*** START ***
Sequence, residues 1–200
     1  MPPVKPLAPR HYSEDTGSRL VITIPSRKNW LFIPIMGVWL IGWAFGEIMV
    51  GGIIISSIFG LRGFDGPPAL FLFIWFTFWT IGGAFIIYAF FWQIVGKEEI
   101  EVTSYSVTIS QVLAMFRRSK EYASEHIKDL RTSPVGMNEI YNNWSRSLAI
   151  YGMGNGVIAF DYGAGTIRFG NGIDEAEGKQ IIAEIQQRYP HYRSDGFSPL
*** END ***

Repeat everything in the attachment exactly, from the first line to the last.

Sequence, residues 1–200
     1  MPPVKPLAPR HYSEDTGSRL VITIPSRKNW LFIPIMGVWL IGWAFGEIMV
    51  GGIIISSIFG LRGFDGPPAL FLFIWFTFWT IGGAFIIYAF FWQIVGKEEI
   101  EVTSYSVTIS QVLAMFRRSK EYASEHIKDL RTSPVGMNEI YNNWSRSLAI
   151  YGMGNGVIAF DYGAGTIRFG NGIDEAEGKQ IIAEIQQRYP HYRSDGFSPL